Monday, November 11, 2002
Eight years after the release of their 4th album Walk On, Boston have returned with two new band members (Kimberley Dahme and Fran Cosmo's son Anthony) and a batch of 9 new songs. How will new band members and a prolonged absence affect the sound of Boston?
Corporate America opens strong right from the start with the catchy rocker "I Had A Good Time." This has everything you'd expect from Boston: tremendous guitar work, drums leading the way and great vocals. If this single doesn't get airplay near you, harass your local DJ. "You Gave Up On Love" is the definitive spurned lover's power ballad. Odd for a band to spend so long on a studio album but put a live version of a song from their last album on it but this version of "Livin' For You" is a treat. Also interesting is the Kimberley Dahme-penned and sung "With You" which I could see getting good airplay on a country radio station if someone snuck it in the programming. "Didn't Mean To Fall In Love" begins as a beautiful ballad with a lot of promise but the additional big top organ sound makes me cringe. The remaining songs on the album are fair to decent including the overly-dramatic title track and the Oasis-esque "Cryin'."
I can't recommend this album unless you are a fan and even then some of the tracks will remind you where the skip button is on your CD player. This isn't because the songs are bad... some are just musically more advanced than the lyrics which come across amateurish. I'm sure part of Corporate America is a Boston album yet for some reason amongst some good songs and classic harmonies are the stuff B-sides are made of.
Friday, October 11, 2002
After releasing Last Night In Sodom in 1984, Soft Cell's Marc Almond and David Ball went in different directions. Almond had success with his solo career and brought his flare for the theatrical performances on tour with him. Ball went on to do a lot of writing, remix and production work along with a few 'one-off' projects. By 1990 he had joined up with Richard Norris as the ambient/techno/dance duo The Grid until 1996. After an 18 year break, a reunited Soft Cell return with Cruelty Without Beauty.
When I listen to a comeback album, I am judgemental. I think about what the artist last sounded like and what people remember them sounding like. On Cruelty Without Beauty, Soft Cell kick things into gear with "Darker Times." Darkness and seediness aren't new to the band that brought us "Sex Dwarf" but it seems to have entirely infected songs like the sordid "Caligula Syndrome," the humor-tinged ballad "Last Chance" and even the sleazy "Desperate." This isn't a bad thing. It seems to be balanced by the dance romp "Sensation Nation" (I mean, come on... they even mention happy shiny people) and the closing track "On An Up." As strong a song as "Monoculture" is... the deep and beautiful dance track "All Out Of Love" (no, it's not an Air Supply cover) would be my pick as first single. "The Night" brilliantly takes one eerie (almost Phantom Of The Opera-esque) keyboard line and converts it to an aggressive dance track. Although I'm still trying to understand the lyrical complexities, "Together Alone" is a song that I still find myself singing along to anyhow.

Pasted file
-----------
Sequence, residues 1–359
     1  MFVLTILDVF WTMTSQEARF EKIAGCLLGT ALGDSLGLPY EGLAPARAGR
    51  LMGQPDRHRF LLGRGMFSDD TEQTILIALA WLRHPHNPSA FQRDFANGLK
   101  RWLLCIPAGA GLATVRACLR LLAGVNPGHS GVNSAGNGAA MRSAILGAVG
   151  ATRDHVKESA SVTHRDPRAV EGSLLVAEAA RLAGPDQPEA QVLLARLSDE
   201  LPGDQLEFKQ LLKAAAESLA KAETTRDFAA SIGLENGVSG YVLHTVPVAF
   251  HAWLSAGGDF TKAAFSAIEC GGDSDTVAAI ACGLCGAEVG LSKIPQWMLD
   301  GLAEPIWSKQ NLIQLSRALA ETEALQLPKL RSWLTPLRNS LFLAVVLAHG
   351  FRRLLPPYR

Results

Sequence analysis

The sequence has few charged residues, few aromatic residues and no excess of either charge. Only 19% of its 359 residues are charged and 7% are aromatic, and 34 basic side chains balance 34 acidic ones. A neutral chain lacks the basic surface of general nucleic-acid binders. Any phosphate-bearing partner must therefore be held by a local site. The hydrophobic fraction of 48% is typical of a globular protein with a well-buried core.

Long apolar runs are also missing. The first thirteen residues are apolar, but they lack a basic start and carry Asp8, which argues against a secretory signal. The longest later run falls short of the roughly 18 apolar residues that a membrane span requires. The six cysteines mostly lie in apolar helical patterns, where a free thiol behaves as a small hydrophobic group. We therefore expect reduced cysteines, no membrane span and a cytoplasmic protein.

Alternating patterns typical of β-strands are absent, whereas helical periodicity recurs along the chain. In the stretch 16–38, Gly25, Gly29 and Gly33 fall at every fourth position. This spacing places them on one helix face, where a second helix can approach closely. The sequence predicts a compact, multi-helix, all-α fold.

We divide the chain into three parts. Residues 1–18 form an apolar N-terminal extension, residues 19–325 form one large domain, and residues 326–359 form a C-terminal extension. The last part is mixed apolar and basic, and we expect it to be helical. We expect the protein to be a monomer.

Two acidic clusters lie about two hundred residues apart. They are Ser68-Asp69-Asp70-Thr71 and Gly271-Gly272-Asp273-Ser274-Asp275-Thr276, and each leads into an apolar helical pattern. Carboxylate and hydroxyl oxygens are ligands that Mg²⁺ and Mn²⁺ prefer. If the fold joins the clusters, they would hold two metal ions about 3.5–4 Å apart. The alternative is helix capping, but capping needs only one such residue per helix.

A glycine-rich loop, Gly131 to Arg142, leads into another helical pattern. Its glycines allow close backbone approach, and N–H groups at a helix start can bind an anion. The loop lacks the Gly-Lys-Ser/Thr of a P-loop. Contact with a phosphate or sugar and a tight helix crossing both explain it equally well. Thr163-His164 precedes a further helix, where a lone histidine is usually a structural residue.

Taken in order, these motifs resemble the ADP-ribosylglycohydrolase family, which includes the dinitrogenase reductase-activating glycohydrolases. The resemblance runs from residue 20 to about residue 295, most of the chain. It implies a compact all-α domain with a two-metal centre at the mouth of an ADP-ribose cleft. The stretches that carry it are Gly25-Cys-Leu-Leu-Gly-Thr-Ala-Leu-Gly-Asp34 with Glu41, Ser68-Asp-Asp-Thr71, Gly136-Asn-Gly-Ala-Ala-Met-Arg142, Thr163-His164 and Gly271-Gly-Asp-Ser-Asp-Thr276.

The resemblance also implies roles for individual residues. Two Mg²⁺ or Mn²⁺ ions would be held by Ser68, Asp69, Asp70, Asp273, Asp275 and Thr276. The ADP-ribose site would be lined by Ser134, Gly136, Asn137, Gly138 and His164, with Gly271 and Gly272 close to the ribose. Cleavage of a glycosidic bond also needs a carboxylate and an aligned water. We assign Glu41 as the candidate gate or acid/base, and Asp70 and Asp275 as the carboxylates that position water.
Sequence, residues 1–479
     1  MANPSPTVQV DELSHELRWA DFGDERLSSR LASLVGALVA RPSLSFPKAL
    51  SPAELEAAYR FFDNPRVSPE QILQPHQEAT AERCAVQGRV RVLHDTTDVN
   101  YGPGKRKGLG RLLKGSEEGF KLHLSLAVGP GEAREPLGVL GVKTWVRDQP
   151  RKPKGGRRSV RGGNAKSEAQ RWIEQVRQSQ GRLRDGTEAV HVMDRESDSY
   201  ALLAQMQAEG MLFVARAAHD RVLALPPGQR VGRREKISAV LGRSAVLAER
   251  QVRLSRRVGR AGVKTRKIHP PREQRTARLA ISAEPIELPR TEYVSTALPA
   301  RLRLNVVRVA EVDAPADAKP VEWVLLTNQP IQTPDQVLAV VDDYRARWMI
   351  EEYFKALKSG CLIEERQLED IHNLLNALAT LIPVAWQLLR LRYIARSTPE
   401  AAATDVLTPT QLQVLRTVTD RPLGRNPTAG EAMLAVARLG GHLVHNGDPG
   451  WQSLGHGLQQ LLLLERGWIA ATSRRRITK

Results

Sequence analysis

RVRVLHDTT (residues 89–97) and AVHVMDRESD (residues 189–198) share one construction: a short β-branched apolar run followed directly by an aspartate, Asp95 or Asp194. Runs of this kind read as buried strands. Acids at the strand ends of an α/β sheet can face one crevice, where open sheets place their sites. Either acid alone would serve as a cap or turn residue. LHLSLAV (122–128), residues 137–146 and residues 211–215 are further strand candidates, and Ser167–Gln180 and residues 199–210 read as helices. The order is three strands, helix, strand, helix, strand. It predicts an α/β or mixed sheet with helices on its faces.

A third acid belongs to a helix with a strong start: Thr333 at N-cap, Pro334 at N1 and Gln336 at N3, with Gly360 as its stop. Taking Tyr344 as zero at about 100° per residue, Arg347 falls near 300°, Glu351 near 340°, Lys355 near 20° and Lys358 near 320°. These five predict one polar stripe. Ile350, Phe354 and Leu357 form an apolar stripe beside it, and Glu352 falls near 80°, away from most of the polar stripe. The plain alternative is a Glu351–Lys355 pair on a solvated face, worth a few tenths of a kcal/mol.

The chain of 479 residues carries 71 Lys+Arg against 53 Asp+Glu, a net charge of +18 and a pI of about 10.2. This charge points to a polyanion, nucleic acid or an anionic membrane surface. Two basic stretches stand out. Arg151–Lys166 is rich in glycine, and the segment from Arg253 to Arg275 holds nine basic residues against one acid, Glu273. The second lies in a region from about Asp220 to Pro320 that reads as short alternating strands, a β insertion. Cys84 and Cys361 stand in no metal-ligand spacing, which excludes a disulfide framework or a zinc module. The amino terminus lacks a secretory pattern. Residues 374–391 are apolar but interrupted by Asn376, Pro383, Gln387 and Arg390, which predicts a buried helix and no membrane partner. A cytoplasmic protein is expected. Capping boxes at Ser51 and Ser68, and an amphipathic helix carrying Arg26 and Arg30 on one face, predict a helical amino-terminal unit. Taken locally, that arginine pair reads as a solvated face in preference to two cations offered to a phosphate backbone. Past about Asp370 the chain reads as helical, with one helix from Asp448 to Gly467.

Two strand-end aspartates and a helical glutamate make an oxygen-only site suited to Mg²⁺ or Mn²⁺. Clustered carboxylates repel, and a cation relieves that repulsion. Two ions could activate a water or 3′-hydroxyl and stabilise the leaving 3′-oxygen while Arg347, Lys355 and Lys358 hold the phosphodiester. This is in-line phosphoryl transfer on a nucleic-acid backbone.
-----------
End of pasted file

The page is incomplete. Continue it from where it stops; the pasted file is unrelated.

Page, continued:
I recall reading about a new sugar substitute is being worked on that is 1000 times sweeter with no calories. For some reason, distance and time not only concentrated Almond and Ball's talents but when returning... but made them (if possible) even more Soft Cell. If you are a fan, you should have slept in front of the store to buy this disc when it came out. This isn't the album you waited 18 years for... it's better.
Monday, August 05, 2002
The Boss has returned with his first new studio release since 1995's The Ghost Of Tom Joad. Possibly more important is that this is his first new album with The E Street Band since 1987. What does Bruce Springsteen, one of America's true song writing talents, have to offer the new millennium?
Springsteen couldn't open this 15-track album better than with the magical "Lonesome Day." Songs like "Waiting On A Sunny Day," "Let's Be Friends (Skin To Skin)" and "Mary's Place" are the uplifting fun songs that make you feel good to be breathing. It's great to have songs like those to break an emotional roller coaster spiking with a dagger-sharp emotional song like "You're Missing." "Further On (Up The Road)" is the dark gritty no-nonsense rocker that you knew Bruce had in him. "Counting On A Miracle" wraps you up a rocking love song disguised in fairy tale imagery. "Paradise" is exactly as it's titled yet soft, sultry, sexy and touched by sadness. You never get a sense of overproduction even with the abrupt change when you hit the stand-out track "Worlds Apart." The world music feel is something you don't expect and you have to wonder if Peter Gabriel slipped this song to Springsteen (kept checking the credits for Youssou N'Dour.)
This album was a great surprise. Upon listening, you can't predict anything to come. The song writing is crisp storytelling that grabs and holds you fixed. You can almost forget there the whole E Street Band in the mix until repeated listenings. The only thing rising here is Bruce Springsteen's career... again.
Def Leppard have clawed their way back up from what many may call commercial missteps and (following up the success of 1999's Euphoria album) they now release their tenth studio album, aptly titled, X. Oddly enough, this is their first studio release with more than one producer.
With a mix of producers, you'd obviously hear some style differences. One example is "Gravity" which makes use of some slight electronic touches with a near rap-paced chorus. The beautifully crafted first single "Now" contains guitar-work that goes from beautiful harmonics to aggressive near-Metallica moments without losing a step. Joe Elliot shows he still has amazing pipes as the band rips through the catchy "Torn To Shreds." "Scar" is a bittersweet gem with scorching solos. The haunting acoustic ballad "Long Long Way To Go" is a hit just waiting to happen (it is rumored to be the second single). The energetic rocking "Cry" is good reminder of where the band has come from while "Four Letter Word" has a ballsy strut to it (even though I think I missed what the word was somehow.)